Sorry About That!
It pays to take the time to double check important details in anything we write, especially when it comes to people’s names.
There is nothing for deflating than to read a story about someone’s achievement or mishap and to realize the person’s name is spelled wrong or the wrong name entirely.
A friend recently sent me a message about a high school classmate undergoing a health crisis and not only misspelled her name, but the misspelling formed a derogatory word.
How embarrassing for all involved. I’m sure the author was mortified when the error was detected. The subject also might have understood a misspelling but to see the new derogatory word in its place was equally depressing. And the reader felt embarrassed for both people.
Having spell checker if writing using a program such as Office Word is fine and it often underlines in red names it doesn’t recognize, but in this case it would have remained silent because the misspelled name formed another real word.
So relying on the spell checker to bail you out in any case is folly.
It is the same for homonyms which could sneak in during the course of some concentrated writing, the author not realizing he or she had typed bare for bear, or ant for aunt, or pee for pea. The spell checker won’t help you out in such a faux pas.
Another problem with names is giving a positive identification of the individual. For example, if you were writing about a man named Bob Smith that might not narrow down the particular Mr. Smith. We need more information.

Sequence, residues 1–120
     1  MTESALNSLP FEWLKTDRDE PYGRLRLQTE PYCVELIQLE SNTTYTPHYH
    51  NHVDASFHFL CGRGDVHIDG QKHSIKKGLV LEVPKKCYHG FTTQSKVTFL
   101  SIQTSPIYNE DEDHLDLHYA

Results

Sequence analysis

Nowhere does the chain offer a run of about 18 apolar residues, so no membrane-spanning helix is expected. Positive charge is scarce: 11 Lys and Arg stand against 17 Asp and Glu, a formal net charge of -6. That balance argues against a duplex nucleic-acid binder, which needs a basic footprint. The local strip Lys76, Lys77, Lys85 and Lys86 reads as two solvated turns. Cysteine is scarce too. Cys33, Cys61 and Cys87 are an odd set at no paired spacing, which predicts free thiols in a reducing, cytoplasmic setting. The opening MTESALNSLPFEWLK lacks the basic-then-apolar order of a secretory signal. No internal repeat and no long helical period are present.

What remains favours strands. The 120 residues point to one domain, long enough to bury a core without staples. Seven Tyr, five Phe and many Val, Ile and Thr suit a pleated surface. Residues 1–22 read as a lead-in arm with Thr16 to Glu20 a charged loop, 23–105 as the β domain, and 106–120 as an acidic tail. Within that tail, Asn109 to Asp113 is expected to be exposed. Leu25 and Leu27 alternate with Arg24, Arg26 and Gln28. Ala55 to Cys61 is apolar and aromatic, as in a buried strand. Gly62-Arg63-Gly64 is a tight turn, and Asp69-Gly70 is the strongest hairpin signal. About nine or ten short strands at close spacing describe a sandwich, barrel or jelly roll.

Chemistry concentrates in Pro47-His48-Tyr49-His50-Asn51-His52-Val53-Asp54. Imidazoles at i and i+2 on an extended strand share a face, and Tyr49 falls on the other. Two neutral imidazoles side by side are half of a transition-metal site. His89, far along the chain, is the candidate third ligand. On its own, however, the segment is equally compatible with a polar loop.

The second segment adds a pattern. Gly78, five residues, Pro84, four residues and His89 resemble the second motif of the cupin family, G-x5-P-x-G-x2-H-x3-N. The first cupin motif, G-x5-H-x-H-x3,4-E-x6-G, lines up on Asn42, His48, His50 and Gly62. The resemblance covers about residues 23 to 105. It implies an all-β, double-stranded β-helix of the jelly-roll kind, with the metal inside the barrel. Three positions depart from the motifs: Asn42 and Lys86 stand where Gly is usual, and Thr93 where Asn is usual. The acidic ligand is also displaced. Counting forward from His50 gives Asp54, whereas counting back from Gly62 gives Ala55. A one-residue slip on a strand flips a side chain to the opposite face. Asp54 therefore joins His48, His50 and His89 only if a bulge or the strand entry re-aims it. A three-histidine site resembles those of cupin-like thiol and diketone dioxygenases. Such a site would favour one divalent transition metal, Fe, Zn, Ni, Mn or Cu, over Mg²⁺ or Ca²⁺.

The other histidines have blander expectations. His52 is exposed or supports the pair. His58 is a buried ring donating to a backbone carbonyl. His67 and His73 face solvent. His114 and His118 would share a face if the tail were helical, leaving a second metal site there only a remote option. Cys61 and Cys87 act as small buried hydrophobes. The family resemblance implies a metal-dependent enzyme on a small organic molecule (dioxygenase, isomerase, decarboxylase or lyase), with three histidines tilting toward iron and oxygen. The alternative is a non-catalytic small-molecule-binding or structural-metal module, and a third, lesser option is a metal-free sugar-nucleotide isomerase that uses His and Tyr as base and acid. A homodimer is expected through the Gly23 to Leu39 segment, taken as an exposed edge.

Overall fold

In the newspaper business, identification of individuals is crucial, sometimes to avoid lawsuits. In the case of Bob Smith we had to determine if his real name is Robert Smith. If so, we needed to get a middle name or initial, Robert E. Smith. Providing an age also narrows it down, so we have Robert E. Smith, 34.
It also helps to give an address, occupation, title, office, or other information germane to the individual, such as Robert E. Smith, 34, chairman of the school board.
If you were just given the name verbally, even with other personal information, you cannot assume spelling the name correctly. If you were told about Robert E. Smith, it could be his name was spelled Smythe.
Either look up the name in a directory or other source, but even then you might be wrong. It is always best, when possible, to ask the person to spell their name for you.
It is a tedious process, but a necessary one.